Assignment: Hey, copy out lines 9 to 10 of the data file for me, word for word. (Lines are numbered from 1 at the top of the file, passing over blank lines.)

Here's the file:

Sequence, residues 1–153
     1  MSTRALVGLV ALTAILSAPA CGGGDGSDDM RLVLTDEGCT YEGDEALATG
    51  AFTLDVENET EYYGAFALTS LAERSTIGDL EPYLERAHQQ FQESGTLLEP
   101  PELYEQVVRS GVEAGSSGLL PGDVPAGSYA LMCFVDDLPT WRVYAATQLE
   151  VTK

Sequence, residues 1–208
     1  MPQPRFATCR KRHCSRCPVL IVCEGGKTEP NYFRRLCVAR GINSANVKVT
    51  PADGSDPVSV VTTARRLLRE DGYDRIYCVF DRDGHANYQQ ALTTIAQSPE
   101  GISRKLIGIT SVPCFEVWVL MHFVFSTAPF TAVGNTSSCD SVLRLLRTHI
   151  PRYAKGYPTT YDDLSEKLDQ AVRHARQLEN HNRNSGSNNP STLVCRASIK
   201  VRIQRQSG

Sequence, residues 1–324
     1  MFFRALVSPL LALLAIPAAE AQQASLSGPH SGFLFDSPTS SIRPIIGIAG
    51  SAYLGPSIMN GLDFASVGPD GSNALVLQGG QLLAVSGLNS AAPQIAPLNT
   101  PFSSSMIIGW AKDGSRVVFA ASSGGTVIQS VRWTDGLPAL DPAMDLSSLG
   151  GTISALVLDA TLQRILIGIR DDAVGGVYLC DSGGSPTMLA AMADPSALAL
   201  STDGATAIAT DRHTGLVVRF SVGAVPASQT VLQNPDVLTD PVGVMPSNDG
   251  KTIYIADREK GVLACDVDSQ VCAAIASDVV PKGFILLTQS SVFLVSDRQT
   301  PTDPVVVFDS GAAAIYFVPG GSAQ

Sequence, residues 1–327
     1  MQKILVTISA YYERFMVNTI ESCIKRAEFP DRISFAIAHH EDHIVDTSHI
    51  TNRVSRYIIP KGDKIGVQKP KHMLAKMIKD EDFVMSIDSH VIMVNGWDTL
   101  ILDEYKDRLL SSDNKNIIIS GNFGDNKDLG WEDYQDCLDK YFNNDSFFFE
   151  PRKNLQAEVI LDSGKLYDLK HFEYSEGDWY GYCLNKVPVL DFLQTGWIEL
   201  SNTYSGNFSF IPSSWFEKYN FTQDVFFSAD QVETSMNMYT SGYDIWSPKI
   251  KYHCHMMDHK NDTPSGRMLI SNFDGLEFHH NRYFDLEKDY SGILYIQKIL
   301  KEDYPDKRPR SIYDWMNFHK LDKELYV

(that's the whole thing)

   101  GISRKLIGIT SVPCFEVWVL MHFVFSTAPF TAVGNTSSCD SVLRLLRTHI
   151  PRYAKGYPTT YDDLSEKLDQ AVRHARQLEN HNRNSGSNNP STLVCRASIK